Business Management - Sustainability

Pictorial Offset Plants New Forest to Become Carbon-Neutral Printer
October 26, 2006

CARLSTADT, NJ—October 27, 2006—Pictorial Offset Corporation, the leader in addressing environmental issues affecting commercial printing for over 25 years, is proud to announce that it has begun planting a forest of over 5,000 native oak and pine trees in order to reduce its carbon-emission footprint on the planet to zero. Wednesday, October 25th, at a ceremony held at the Edwin B. Forsythe Wildlife Refuge near Oceanview, New Jersey, Pictorial Offset’s executive management team planted native oak and pine trees saplings on the first 10 acres of a new forest land in the coastal refuge. The Edwin B. Forsythe National Wildlife Refuge is comprised

Sustainability — Paper Options Not Clear Cut
February 1, 2006

Lingerie clad women carrying chain saws sounds like a scene out of a B-movie horror flick, not a topic for a story on trends in paper usage. Which is the point, in a sense. In late 2005, environmental activists were able to grab headlines by dressing in lingerie for a series of protests outside Victoria’s Secret stores. The organizers sought to call attention to what they considered irresponsible and wasteful use of paper by the company in its catalog marketing program. They challenged the clothier to stop using paper that tracked back to trees from the Great Boreal Forest in Canada, to buy

Sustainability of Paper — Here Today, Here Tomorrow
May 1, 2005

BY MARK SMITH Technology Editor The knock against operating a business in a socially responsible way is that everyone's for it. . .until it means paying higher prices for goods and services. The printing industry has gone through several rounds of environmental initiatives, most of which have been curtailed by price competition in the marketplace. EPA-mandated process changes have been about the only ones with real staying power, such as limits on VOC emissions by web offset printers. Paper usage is a ready target because it calls to mind images of clear-cut forests and overflowing garbage barges or trucks destined for a dwindling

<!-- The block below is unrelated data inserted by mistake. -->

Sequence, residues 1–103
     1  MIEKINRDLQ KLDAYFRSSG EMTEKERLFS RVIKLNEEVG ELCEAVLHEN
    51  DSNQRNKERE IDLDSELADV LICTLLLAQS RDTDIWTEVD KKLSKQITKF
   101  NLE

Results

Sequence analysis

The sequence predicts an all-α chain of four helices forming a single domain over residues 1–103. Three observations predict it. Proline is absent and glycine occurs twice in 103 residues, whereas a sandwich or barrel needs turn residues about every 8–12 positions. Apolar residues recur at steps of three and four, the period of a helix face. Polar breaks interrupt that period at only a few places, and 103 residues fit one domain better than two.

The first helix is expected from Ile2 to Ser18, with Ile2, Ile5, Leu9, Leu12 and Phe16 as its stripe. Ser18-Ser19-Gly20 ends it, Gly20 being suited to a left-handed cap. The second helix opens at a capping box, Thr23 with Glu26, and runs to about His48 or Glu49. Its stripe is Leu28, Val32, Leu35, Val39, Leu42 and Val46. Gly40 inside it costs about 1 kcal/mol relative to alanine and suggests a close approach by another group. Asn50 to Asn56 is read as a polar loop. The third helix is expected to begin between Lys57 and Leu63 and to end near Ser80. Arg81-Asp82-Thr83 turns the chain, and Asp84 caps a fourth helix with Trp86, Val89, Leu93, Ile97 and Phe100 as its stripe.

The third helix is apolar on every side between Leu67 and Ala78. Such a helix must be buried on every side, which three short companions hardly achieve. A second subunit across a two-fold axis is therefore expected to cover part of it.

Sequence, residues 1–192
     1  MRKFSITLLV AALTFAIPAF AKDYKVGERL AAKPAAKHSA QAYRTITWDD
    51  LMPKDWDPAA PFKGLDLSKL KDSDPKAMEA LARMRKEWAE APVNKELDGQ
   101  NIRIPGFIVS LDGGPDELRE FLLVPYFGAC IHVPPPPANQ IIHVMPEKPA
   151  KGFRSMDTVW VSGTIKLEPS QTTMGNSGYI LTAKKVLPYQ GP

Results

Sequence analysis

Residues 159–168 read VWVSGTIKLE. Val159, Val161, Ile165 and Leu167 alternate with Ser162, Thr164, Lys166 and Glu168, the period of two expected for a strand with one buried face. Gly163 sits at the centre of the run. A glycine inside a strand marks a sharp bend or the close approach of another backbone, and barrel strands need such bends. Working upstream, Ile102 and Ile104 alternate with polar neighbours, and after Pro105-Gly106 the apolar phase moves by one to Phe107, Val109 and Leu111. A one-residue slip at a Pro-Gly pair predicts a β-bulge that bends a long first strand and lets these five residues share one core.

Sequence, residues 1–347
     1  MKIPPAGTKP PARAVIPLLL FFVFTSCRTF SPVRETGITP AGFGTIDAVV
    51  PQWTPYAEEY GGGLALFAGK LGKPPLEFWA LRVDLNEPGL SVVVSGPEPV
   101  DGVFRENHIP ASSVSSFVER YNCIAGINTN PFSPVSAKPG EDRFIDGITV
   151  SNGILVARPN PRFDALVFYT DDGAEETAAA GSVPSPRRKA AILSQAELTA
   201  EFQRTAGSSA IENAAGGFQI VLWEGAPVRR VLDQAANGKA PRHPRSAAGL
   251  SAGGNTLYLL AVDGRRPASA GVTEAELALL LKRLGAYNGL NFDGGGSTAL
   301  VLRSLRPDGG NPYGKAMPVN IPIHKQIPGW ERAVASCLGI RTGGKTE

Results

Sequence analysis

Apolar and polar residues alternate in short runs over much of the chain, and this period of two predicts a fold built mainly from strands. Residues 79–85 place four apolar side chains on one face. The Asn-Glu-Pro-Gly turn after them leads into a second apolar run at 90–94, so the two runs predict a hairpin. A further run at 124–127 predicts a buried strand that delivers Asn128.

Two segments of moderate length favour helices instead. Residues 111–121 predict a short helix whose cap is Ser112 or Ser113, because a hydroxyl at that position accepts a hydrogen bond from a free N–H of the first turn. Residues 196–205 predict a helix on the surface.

Inks and Chemicals — Environmental Challenges
August 1, 2003

By Erik Cagle In basic terms, the commercial printing industry has to deal with a new ozone standard set forth by the Environmental Protection Agency (EPA) and upheld by the U.S. Supreme Court. The standard, previously 0.12 parts per million, now becomes 0.08 parts per million. The back end of the compliance timetable is 2021. One would presume eliminating 0.04 parts per million over an 18-year span doesn't sound all that challenging. But that breakdown is akin to saying the U.S. government is a bunch of people who take care of things. While true, it is horribly simplistic. The new standard, with its ramifications,

Inks and Environmental Issues — Compliance vs. Quality
May 1, 1998

Environmentally speaking, what's hot in inks? The EPA—hot on the trail of compliance offenders. But commercial printers cited for noncompliance need not join the much-dreaded "Environmental 4-H Club"—hazardous (as in waste), havoc (as in scrambling for compliance), helpless (the feeling of ineffective scrambling) and hell-to-pay (the cost of noncompliance). With hundreds of Hazardous Air Pollutants (HAPs) and Volatile Organic Compounds (VOCs) listed by the EPA—and even more listed at the state level—it's easy to see why printers are feeling suffocated by the growing compliance haze. This controversial issue, like the color of polluted air, is gray, on the best of days. "The first line